Accused Boston Marathon bomber Dzhokhar Tsarnaev's condition was upgraded today to fair.
Tsarnaev, who has wounds in his head, neck, legs and a hand, had been listed in serious condition and officials initially feared he might not live to explain why he and his brother Tamerlan Tsarnaev allegedly bombed the race.
Massachusetts Gov. Deval Patrick even said over the weekend that authorities "hope he survives, because we have a million questions."
This morning by doctors at Beth Israel Deaconess Medical Center upgraded his condition to fair. The improvement comes as the 19-year-old has started to provide his version of the events that led to the deadly Boston Marathon bomb attacks.
In his initial responses to questions, Tsarnaev has reportedly told investigators the attack was devised from the Internet. The two brothers, he said, had no direction or financing from governments or rogue groups overseas.
For all the power of the two explosions at the Boston Marathon finish line, and for all the dramatic gun fights on the streets of Watertown, and for all the suppositions about the role of disciplined, well-trained terrorists, the college student has reportedly told investigators the whole attack was devised from the Internet. The two brothers, he said, had no direction or financing from governments or rogue groups overseas.
Authorities tell ABC News they now believe the two foreign-born brothers were inspired to violence by the Internet preaching's of al Qaeda leader Anwar al-Awlaki, the charismatic American-born radical jihadist, who has been dead now for more than a year. They used instructions from an al Qaeda Internet magazine to make their pressure cooker bombs. And Dzhokhar, the younger of the brothers, may not have even known about the plot until a week or so before the attack, sources told ABC News.
Seth Jones, a counter-terror expert at the RAND Corporation, said the attack's simplicity and home grown origins may wind up being some of the most chilling aspects the Boston bombing.
"This is kind of the al Qaeda modus operandi now, not relying only on operatives, but trying to get people do it yourself radicalization to build their own bombs without coming to a training camp in Pakistan or Yemen or other locations," Jones said.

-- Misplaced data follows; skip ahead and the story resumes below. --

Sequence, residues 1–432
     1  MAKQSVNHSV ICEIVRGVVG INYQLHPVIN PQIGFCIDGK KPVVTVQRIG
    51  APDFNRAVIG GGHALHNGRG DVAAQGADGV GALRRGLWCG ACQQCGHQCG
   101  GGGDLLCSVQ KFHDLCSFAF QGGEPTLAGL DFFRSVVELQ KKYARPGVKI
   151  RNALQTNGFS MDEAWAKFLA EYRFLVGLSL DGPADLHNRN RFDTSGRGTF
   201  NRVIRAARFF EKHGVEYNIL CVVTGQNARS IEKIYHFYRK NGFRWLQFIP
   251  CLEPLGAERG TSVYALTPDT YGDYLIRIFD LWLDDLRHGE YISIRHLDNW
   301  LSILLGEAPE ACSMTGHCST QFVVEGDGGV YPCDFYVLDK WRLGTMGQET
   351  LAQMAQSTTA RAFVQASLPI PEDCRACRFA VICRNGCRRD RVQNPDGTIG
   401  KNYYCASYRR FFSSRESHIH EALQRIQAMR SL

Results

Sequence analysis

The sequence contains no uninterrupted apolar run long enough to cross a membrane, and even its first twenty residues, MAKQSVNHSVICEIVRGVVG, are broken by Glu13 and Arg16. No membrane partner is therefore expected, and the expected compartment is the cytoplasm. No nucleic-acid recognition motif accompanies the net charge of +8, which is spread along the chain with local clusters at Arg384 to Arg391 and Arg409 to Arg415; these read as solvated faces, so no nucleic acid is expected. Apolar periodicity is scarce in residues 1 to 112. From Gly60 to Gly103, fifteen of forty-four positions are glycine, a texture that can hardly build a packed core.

"They ad-libbed part of it and made some decisions on a few elements of the bomb making but what's different about this is they took a very simple recipe and then targeted the Boston Marathon," Jones said. "And why the marathon? Because it was there, essentially, and easy. Not long in the planning."
Authorities also told ABC News it is increasingly likely that the older of the brothers, Tamerlan, devised the plot and did most of the work in pulling it together.
Tamerlan Tsarnaev, 26, died during a firefight with police early Friday morning.
"The older brother appeared to be the more radicalized of the two and was the one that drove the need to conduct the attack as well as the preparation for the attack that is building the bombs," Jones said.
As to what drove Tamerlan to violence, his younger brother has apparently told investigators it was his hatred of America, and its policies in Afghanistan and Iraq, law enforcement sources said.
Officials say they do not plan to take what the younger accused bomber has told them at face value, and that the probe will continue to examine whether there were overseas terror connections of any kind. "It would be in his interest to minimize his own role," one official said.
But the younger brother is reportedly telling investigators is consistent with what many of those who knew Tamerlan were observing -- his disgust with things American and Christian.